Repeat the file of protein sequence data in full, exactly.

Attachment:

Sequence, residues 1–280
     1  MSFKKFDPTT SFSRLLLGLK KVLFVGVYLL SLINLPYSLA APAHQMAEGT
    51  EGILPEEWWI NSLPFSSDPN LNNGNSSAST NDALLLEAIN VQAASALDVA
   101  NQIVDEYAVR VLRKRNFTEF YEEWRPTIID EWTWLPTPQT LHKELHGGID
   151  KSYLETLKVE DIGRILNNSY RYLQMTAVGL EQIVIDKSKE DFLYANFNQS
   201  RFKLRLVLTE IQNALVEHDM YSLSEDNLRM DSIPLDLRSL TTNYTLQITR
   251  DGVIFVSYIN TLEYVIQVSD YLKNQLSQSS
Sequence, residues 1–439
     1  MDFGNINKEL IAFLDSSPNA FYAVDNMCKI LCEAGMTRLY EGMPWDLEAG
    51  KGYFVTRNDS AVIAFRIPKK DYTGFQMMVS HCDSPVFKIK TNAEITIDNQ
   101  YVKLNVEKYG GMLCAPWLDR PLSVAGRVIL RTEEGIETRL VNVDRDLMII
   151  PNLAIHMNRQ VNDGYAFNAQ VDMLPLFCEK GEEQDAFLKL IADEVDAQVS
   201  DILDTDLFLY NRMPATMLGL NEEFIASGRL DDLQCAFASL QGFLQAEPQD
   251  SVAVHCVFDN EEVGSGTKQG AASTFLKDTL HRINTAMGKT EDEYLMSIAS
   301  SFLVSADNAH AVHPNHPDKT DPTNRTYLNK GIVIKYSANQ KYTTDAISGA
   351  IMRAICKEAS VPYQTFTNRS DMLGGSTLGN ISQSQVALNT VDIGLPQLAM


Sequence, residues 1–280
     1  MSFKKFDPTT SFSRLLLGLK KVLFVGVYLL SLINLPYSLA APAHQMAEGT
    51  EGILPEEWWI NSLPFSSDPN LNNGNSSAST NDALLLEAIN VQAASALDVA
   101  NQIVDEYAVR VLRKRNFTEF YEEWRPTIID EWTWLPTPQT LHKELHGGID
   151  KSYLETLKVE DIGRILNNSY RYLQMTAVGL EQIVIDKSKE DFLYANFNQS
   201  RFKLRLVLTE IQNALVEHDM YSLSEDNLRM DSIPLDLRSL TTNYTLQITR
   251  DGVIFVSYIN TLEYVIQVSD YLKNQLSQSS
Sequence, residues 1–439
     1  MDFGNINKEL IAFLDSSPNA FYAVDNMCKI LCEAGMTRLY EGMPWDLEAG
    51  KGYFVTRNDS AVIAFRIPKK DYTGFQMMVS HCDSPVFKIK TNAEITIDNQ
   101  YVKLNVEKYG GMLCAPWLDR PLSVAGRVIL RTEEGIETRL VNVDRDLMII
   151  PNLAIHMNRQ VNDGYAFNAQ VDMLPLFCEK GEEQDAFLKL IADEVDAQVS
   201  DILDTDLFLY NRMPATMLGL NEEFIASGRL DDLQCAFASL QGFLQAEPQD
   251  SVAVHCVFDN EEVGSGTKQG AASTFLKDTL HRINTAMGKT EDEYLMSIAS
   301  SFLVSADNAH AVHPNHPDKT DPTNRTYLNK GIVIKYSANQ KYTTDAISGA
   351  IMRAICKEAS VPYQTFTNRS DMLGGSTLGN ISQSQVALNT VDIGLPQLAM